Should soy stay or should it go? When my children were young, we discovered they were allergic to cow’s milk. I switched them to soy. Now, when I see headlines describing the dangers of soy, I wonder whether I did them a great disservice.
Soy is present in many prepared foods. It’s eagerly embraced by some adopters of a plant-based diet because it is filled with high-quality protein and nutrients including B vitamins, fiber, potassium, and magnesium. Soy protein contains all nine essential amino acids that the body cannot make on its own making it a “complete” protein. These facts make soy sound like a great food.
But, like eggs, soy has its detractors. Some animal studies have shown that high dosages of isoflavone or isolated soy protein extracts tend to stimulate breast cancer growth. Isoflavones are phytoestrogens that function similarly to human estrogen (a hormone) but with weaker effects. Isoflavones may also alter the behavior of estrogen receptors thereby affecting hormone balance.
Hormone balance affects mood, libido, weight, sleep quality, and energy levels. Life is both healthier and more pleasant when we maintain the proper balance. Any alteration of hormone balance through intentional disruption brings risks whether it’s hormone-based birth control, hormone replacement therapy, or dietary estrogens.
A study of 3700 Japanese-American men in Hawaii who consumed large amounts of tofu during middle-age showed a significant association with greater cognitive impairment and brain atrophy in late life compared with men with the lowest tofu intakes. On the flip side, a study of Asian women showed that soy foods sometimes reduced the risk of breast cancer.
In fact, there are numerous soy studies with conflicting results. At a glance, it’s hard to determine whether soy contributes to or reduces the risk of breast cancer. The relationship with dementia is not certain either.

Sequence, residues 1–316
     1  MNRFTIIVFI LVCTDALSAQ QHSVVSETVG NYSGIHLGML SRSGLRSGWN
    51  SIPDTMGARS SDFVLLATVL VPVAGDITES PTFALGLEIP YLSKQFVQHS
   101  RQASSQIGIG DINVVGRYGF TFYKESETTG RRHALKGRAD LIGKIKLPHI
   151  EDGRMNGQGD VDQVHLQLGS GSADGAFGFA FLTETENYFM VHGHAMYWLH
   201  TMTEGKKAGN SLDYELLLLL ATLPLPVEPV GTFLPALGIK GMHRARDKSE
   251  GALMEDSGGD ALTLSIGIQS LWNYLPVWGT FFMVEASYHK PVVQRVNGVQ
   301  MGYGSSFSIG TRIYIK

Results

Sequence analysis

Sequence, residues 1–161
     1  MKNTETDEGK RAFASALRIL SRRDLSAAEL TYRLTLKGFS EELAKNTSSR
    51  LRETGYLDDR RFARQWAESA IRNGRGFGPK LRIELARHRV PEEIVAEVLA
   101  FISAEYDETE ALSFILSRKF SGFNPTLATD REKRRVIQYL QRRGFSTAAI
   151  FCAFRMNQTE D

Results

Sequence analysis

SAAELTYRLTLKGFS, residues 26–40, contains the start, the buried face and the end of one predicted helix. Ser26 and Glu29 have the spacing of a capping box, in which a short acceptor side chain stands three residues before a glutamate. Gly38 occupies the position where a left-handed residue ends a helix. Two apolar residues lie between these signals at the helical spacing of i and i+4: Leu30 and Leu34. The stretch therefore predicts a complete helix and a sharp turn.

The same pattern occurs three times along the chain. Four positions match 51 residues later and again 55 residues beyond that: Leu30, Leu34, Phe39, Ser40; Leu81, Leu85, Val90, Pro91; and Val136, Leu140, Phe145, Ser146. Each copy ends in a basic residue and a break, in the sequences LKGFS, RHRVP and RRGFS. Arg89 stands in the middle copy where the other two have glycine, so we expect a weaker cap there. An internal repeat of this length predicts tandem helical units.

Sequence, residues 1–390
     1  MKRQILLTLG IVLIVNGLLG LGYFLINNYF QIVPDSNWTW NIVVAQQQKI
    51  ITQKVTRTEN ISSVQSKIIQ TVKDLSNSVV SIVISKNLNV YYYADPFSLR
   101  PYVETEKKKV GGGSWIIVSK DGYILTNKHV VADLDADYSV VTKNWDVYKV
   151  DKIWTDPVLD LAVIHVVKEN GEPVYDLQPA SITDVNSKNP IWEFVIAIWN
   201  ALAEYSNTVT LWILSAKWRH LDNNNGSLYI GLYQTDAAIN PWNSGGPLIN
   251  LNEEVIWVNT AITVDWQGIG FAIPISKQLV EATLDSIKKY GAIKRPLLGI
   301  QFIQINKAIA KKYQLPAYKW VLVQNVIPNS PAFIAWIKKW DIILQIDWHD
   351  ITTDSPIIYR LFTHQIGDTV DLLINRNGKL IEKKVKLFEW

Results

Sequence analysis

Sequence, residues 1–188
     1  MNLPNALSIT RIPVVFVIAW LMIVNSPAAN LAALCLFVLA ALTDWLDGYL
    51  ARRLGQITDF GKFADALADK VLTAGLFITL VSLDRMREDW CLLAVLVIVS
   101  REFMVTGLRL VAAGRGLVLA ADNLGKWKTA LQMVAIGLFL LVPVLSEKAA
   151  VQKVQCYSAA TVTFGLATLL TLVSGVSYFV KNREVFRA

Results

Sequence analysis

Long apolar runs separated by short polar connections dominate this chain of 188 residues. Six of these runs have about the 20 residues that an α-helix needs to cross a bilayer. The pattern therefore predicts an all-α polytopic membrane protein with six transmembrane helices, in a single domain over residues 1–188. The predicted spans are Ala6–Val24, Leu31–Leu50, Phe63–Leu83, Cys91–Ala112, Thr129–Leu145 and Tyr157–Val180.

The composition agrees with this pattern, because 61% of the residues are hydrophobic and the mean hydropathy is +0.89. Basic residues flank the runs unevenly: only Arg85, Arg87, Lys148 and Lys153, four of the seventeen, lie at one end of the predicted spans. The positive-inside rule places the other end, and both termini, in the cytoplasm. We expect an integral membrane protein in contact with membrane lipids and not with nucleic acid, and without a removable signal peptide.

Soy foods are not the only foods that contain phytoestrogens or dietary estrogens. Flaxseeds, sesame seeds, sunflower seeds, almonds, walnuts, apples, cranberries, grapes, pomegranates, strawberries, carrots, lentils, yams, mung beans, sprouts, barley, oats, wheat germ, coffee, bourbon, beer, red wine, and olive oil all contain phytoestrogens. We don’t think of most of those as harmful, but all phytoestrogens are not created equal or used by the body in the same way.
More than likely, there are many factors that determine whether soy will detrimentally affect you–ethnicity, hormone levels, type of soy, age and frequency of ingestion, interaction with medications, etc. With no definitive way to know whether phytoestrogens put you at risk, it is probably best to consume soy in moderation.
If you choose packaged foods, be sure to read the labels. You’ll often find soy in unexpected places. If you are eating a plant-based diet, you may want to limit tofu. And with all of the non-dairy milk options, there’s really no reason to rely on soy.
When you do eat soy, less processing is always better. I love edamame. Every few months I’ll have some for dinner two or three times in a week. Then I don’t think about it again for months.
With no consistent, definitive science to rely on at this time, consuming soy has to be a matter of choice. For now I’m choosing stay, but in deliberate moderation. Only time will tell whether my choices will harm my children or me. In the meantime, I’ll probably keep asking: Should soy stay or should it go?
The following is an extensive review of soy research. Please be aware that it was funded by The European Soy and Plant-based Foods Manufacturers Association, and the author is the executive director of the Soy Nutrition Institute, an organization funded by the United Soybean Board and its soy industry members.